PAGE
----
[Pipet Devel] WidgetMain() and more...

Brad Chapman chapmanb at arches.uga.edu
Wed Jan 5 12:50:40 EST 2000

J.W. Bizzaro wrote:
>    class WidgetMain()
>The name may change, but it should be the same for all widgets.
Gotcha! Makes sense now that I've been looking in-depth at the code. We can
change the name when we try to fit the widgets into loci-core.

J.W. Bizzaro wrote:
>> Note that since this now does XML parsing, loci-file requires something
>> new. I used the SAX (simple API for XML) complient parser from the python
>> xml toolkit.
>The licenses are acceptable.  I'd like to keep the number of extra packages
>that the user needs to install to a minimum though.  Does SAX provide what
>straight xmllib cannot?

Well, I did some looking at the xmllib documentation (in the general python
library docs) and now I have a better idea of what XML tools are in the
python distribution and what extra stuff is in the xml toolkit. While it
seems like basically whatever parser you use is a matter of personal
preference, I see a couple of advantages for the SAX parser:

1. SAX is based on a generalized API, which gives it some extra modularity
over any other parser application. In addition, it might be likely that
programmers have had exprience with SAX in other languages, which might
make the Loci code easier to follow and maintain by others.

2. From a bioinformatics standpoint, the proposed biopython BLAST parser
has a SAX-like interface, so it makes learning SAX twice as worthwhile for
anyone who will be used the BLAST parser and coding on Loci (namely, me!)

In general, I think we really do need the extra stuff from the xml toolkit.
It provides a DOM implementation, which we will really need, and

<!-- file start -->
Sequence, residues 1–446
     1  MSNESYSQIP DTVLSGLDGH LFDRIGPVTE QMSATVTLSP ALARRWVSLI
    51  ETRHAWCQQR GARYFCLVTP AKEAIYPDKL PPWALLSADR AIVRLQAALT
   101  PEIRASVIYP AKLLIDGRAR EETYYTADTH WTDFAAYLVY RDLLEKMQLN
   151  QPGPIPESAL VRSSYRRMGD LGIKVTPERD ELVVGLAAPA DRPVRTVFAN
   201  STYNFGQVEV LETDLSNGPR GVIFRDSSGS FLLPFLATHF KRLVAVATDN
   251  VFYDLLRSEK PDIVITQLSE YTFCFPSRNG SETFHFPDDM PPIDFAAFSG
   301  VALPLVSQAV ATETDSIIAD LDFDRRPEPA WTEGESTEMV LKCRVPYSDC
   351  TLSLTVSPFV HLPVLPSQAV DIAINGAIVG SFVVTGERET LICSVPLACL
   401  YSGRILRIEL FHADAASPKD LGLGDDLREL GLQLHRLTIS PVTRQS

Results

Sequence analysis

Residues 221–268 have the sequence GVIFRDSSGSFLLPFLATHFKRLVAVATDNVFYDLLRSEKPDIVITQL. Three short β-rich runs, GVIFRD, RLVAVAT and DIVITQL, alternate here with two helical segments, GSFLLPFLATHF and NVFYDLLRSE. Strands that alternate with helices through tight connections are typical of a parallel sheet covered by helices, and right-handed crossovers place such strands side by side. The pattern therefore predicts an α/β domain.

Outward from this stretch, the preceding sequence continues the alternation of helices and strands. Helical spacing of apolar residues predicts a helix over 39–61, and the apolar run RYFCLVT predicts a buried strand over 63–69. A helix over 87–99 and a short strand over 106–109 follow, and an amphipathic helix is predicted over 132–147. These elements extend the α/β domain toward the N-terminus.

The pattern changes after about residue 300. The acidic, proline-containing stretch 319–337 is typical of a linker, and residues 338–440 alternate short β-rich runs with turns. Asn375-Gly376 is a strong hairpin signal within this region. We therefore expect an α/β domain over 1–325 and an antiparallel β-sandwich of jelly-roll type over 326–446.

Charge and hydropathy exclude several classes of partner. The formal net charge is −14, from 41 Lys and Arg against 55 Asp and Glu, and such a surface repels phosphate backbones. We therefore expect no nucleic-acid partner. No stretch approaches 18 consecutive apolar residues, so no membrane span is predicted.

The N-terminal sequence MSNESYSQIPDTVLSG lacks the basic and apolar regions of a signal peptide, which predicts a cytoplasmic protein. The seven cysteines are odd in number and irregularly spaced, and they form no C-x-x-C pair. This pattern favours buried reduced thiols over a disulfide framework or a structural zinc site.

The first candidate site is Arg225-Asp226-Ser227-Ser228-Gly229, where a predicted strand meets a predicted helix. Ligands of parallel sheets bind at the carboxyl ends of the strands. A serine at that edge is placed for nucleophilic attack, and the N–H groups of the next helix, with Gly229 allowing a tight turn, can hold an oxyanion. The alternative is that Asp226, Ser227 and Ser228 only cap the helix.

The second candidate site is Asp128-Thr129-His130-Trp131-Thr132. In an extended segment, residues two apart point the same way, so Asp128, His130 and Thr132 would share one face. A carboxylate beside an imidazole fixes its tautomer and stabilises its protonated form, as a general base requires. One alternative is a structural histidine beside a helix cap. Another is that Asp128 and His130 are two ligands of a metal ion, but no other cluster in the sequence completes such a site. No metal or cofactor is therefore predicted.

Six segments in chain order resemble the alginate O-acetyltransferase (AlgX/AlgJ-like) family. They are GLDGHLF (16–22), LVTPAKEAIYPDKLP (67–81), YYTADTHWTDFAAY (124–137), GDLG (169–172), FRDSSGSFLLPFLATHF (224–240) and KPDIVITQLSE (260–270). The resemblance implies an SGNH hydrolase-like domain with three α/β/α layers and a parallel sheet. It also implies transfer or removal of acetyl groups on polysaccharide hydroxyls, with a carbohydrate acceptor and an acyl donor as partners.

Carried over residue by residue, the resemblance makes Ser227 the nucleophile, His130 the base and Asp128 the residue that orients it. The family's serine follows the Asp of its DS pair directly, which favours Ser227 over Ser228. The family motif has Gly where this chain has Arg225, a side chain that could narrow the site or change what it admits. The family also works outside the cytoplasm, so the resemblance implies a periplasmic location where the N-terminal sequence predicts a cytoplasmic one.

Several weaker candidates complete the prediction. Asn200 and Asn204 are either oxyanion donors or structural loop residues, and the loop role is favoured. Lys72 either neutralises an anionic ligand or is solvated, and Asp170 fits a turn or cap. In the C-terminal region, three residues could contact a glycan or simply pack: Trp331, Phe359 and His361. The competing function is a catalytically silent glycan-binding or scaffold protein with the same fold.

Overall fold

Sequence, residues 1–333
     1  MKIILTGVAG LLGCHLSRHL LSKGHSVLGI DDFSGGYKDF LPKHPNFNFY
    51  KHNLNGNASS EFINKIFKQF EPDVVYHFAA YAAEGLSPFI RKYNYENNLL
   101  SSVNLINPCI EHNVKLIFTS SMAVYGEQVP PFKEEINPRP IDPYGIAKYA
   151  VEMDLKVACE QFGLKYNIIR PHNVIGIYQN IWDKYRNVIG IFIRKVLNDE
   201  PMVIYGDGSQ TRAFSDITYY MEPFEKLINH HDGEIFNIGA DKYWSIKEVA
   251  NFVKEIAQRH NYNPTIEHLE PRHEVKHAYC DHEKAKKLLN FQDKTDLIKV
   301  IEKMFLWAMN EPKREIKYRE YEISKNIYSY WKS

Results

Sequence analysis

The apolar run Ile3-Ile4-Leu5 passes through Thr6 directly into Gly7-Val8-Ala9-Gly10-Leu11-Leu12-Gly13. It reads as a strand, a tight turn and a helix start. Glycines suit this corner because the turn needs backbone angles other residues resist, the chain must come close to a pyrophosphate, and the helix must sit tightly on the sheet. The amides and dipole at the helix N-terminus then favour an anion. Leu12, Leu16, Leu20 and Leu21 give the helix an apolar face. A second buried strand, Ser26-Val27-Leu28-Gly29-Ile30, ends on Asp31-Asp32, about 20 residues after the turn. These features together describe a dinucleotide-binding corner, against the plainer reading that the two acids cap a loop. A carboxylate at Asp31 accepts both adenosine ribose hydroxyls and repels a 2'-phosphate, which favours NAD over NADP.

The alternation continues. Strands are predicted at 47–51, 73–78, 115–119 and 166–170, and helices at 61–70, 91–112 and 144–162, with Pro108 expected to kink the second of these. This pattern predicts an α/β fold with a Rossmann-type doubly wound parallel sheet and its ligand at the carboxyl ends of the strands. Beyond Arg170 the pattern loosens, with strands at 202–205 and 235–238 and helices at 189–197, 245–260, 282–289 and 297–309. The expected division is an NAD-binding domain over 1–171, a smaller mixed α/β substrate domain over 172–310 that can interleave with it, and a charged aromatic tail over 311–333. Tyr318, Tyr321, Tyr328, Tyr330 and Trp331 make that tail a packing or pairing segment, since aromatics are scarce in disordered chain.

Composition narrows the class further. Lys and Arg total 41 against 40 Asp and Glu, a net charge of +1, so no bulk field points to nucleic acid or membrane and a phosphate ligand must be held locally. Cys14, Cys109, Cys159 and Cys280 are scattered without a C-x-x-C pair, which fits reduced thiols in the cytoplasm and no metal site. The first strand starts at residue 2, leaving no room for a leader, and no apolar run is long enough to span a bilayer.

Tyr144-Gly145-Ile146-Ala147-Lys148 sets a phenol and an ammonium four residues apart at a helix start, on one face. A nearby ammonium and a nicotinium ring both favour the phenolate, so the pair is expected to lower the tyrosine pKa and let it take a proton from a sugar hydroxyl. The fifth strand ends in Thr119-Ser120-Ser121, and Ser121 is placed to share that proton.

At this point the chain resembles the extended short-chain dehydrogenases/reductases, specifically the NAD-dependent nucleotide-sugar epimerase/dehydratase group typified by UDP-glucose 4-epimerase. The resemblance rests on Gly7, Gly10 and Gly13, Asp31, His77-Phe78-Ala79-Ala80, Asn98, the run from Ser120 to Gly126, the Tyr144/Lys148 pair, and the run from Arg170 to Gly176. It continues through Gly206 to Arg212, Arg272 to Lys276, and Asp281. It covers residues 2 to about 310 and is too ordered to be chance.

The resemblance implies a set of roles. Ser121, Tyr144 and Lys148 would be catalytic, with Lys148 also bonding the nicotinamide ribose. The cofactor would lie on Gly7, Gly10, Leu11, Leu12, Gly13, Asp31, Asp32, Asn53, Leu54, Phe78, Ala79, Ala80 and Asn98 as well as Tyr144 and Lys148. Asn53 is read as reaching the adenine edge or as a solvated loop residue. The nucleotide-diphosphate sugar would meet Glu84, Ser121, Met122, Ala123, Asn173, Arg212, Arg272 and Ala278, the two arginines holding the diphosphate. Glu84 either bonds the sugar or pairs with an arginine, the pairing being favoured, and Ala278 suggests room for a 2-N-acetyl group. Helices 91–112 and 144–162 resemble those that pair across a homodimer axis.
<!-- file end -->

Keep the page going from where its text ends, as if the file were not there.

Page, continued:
architectural forms processors, in addition to SAX and some other parsers.
In addition, if we want to stick with xmllib, the xml toolkit has some kind
of C extension that supposedly makes it 5 times as fast. With all the XML
work that we will need to do, my vote is definately for keeping the xml
toolkit. Any thoughts?

>How long would it take to do this for a large filesystem? at a remote
>These are the reasons why I wanted to use a list.  If trees are (1) made fast
>enough and (2) aren't used for every container, they would be good to use.
>Can you give us some feedback about these issues?

Sure. Since the tree implementation works in the new filegui.py thingy,
everyone can check it out on different size directories to their heart's
content. While I think it is plenty fast for medium sized directories (with
5 or so levels) if we want to stick with a tree representation we
definately need some limitations. I accidentally started parsing my /usr
directory (with 5 MB worth of stuff) and needless to say, I had to go in
and kill that process! I think a good way to limit the parsing and also
keep a tree representation would be to have the tree created only a certain
number of levels deep. Then, the user could have an idea of the contents of
subdirectories, and if they need to go into one subdirectory whose contents
weren't listed, they could drag the subdirectory as a new loci and see it
that way.
	I think I could implement this without too many problems. How does
this sound to everyone? Any thoughts on the number of levels to go? Other
	BTW, I don't think that the tree representation will be good for
databases. My thought is that a listing of the different databases
available in a particular locus will be good enough for that. I think that
there will probably be too much info in a database to represent in a simple
	Thanks for your comments on this!


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